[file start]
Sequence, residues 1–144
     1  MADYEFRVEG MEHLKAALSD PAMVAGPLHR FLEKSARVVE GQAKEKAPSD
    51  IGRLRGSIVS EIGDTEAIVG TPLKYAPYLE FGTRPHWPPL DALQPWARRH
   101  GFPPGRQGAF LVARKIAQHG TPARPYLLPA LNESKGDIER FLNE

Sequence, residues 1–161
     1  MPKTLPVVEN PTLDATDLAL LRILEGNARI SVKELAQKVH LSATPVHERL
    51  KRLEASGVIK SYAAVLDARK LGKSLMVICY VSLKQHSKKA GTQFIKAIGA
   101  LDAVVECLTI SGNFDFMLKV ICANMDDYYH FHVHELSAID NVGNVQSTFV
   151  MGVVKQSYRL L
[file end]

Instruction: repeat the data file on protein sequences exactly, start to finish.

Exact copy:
Sequence, residues 1–144
     1  MADYEFRVEG MEHLKAALSD PAMVAGPLHR FLEKSARVVE GQAKEKAPSD
    51  IGRLRGSIVS EIGDTEAIVG TPLKYAPYLE FGTRPHWPPL DALQPWARRH
   101  GFPPGRQGAF LVARKIAQHG TPARPYLLPA LNESKGDIER FLNE

Sequence, residues 1–161
     1  MPKTLPVVEN PTLDATDLAL LRILEGNARI SVKELAQKVH LSATPVHERL
    51  KRLEASGVIK SYAAVLDARK LGKSLMVICY VSLKQHSKKA GTQFIKAIGA
   101  LDAVVECLTI SGNFDFMLKV ICANMDDYYH FHVHELSAID NVGNVQSTFV
   151  MGVVKQSYRL L